Author Archives: Joel Aarons
Tilt Shift photography is a cool effect where you blur the top and bottom of an photo that is taken from a fair distance away. As your brain is used to seeing backgrounds blurred when looking at a close up macro photo, it tricks your brain into thinking that what you are seeing is a scale model. Here are some cool examples of the technique.
There are attachments you can buy for an SLR camera that makes your lens a little flexible and lets you physically tilt the lens to create the effect in camera. Otherwise, you can just fake it using Photoshop.
So, I started by showing my students some examples and how the technique works. I then took them step by (small) step to achieve the same result in Photoshop by first converting to a smart object, and then applying the Tilt Shift Blur filter in the Blur Gallery.
From there, the students learned how to paint in the layer mask to reveal or conceal the tilt shift blur as they needed. Please watch my video tutorial below.
Here are some of the better examples my students came up with.
This is a simple little project students can do to start learning how layer masks in Photoshop work.
Essentially, the project asks them to take a photo of textured material and to create a new file in Photoshop, type in the name of that texture “ie: Bricks” and have the photo of the bricks come through the text.
This is made possible by putting a layer mask on the type layer that has “BRICKS” written on it, and pasting the photo of the bricks on to the layer mask itself.
This is not typically the way we use layer masks. Usually, as you will see later in the post on the Tilt Shift effect in Photoshop, a layer mask is used to paint in (or paint away) an adjustment, effect or filter. Layer masking allows you to hide or use as much of any one layer as you like. It is a black and white image that cuts out a layer, allowing it to show though wherever the pixels are white, and holds out or hides a layer wherever the mask is black. The common adage to layer masking is that “white reveals, black conceals”. This will be more evident when watching my video tutorial below:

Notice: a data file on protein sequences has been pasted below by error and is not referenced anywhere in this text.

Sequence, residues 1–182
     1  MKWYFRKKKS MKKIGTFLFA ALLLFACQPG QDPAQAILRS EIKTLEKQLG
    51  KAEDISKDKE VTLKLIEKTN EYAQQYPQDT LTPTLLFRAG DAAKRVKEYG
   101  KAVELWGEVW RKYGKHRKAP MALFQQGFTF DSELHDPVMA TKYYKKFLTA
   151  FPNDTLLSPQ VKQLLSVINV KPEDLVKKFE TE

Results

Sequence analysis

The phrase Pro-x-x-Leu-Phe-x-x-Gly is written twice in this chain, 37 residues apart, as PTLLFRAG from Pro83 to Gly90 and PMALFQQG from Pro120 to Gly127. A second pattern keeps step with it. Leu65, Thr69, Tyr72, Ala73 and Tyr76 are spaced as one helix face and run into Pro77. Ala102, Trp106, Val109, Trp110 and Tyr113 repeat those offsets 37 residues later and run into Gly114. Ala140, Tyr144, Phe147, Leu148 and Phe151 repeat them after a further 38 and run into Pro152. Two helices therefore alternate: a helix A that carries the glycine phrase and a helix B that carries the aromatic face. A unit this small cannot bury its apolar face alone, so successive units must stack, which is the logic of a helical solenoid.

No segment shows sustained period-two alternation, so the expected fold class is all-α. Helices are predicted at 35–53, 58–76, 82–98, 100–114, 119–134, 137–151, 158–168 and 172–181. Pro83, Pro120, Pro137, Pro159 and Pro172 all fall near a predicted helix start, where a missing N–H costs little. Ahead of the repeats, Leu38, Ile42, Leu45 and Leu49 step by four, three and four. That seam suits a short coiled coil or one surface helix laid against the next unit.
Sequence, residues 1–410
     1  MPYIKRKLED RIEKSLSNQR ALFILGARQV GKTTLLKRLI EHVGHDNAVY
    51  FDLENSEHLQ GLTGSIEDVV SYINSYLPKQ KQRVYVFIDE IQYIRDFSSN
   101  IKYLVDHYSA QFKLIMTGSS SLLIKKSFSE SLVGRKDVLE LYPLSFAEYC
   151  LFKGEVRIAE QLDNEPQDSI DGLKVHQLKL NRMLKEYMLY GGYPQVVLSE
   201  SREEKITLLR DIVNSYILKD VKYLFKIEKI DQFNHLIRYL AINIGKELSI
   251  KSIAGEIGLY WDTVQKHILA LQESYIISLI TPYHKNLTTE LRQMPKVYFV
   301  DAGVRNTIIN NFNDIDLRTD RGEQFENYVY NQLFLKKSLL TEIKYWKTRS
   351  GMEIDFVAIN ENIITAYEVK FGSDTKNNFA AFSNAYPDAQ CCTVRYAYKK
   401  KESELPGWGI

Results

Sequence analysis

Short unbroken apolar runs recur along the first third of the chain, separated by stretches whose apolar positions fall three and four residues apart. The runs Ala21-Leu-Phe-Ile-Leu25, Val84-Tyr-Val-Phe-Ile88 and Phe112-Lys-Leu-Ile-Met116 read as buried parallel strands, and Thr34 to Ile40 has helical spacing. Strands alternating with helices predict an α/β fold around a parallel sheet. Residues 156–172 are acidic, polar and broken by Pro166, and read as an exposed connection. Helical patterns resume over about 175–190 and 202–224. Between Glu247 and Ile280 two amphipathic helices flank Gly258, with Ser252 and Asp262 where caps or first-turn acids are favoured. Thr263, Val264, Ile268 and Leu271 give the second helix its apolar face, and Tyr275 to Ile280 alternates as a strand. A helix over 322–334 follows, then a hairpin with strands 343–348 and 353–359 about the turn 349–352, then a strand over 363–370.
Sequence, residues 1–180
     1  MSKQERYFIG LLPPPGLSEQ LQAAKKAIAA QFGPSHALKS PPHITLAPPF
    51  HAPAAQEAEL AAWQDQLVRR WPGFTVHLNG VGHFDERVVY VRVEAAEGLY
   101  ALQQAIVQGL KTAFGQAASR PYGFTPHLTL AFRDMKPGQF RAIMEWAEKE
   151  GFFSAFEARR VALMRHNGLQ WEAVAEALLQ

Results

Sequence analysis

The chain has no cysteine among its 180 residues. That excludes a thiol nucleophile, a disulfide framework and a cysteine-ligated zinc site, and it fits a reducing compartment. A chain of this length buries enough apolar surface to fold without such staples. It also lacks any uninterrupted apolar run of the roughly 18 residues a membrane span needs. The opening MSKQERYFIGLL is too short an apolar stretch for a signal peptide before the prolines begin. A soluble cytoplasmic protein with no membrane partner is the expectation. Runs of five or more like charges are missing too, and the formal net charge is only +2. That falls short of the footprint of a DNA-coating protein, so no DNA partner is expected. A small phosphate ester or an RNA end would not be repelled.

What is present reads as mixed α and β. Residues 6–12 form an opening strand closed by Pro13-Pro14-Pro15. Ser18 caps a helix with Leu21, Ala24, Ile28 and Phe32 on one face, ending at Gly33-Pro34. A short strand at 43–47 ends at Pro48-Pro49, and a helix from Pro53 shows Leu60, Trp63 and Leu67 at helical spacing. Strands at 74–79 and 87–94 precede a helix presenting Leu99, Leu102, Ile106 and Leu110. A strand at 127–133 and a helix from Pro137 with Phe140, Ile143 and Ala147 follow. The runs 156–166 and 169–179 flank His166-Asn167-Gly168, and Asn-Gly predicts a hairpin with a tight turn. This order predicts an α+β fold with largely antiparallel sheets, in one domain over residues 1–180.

So – quite a simple little project. I started off by sending them out of the classroom for 5-10 minutes to photograph on the iPads a texture they want to use. They then uploaded the photo to the class’ Google Drive folder. Once the project was completed in Photoshop, I asked them to substitute the black background for another image that another group used that was in start contrast to the texture they had used for their type. I also showed the students how to use layer styles to highlight the type more.
Here are some examples:
Ideas come from many places. Some come directly from your own imagination, some are inspired by what others done, and some come from
ripping off paying homage to others who have done exceptional work.
I had never heard of Twirl Art before. Apparently such a thing has existed before. Where I found about it from was from the exceptional Photoshop/Illustrator instructor Deke McClelland over at Lynda.com. I will admit, and give proper credit, to Deke in that this project was virtually followed word for word, step for step the way he did it.
Twirl Art can start from virtually any photograph. Personally, I find a photo that has a nice mixture of bright and vibrant colours work best. Then, following the steps, you go from this: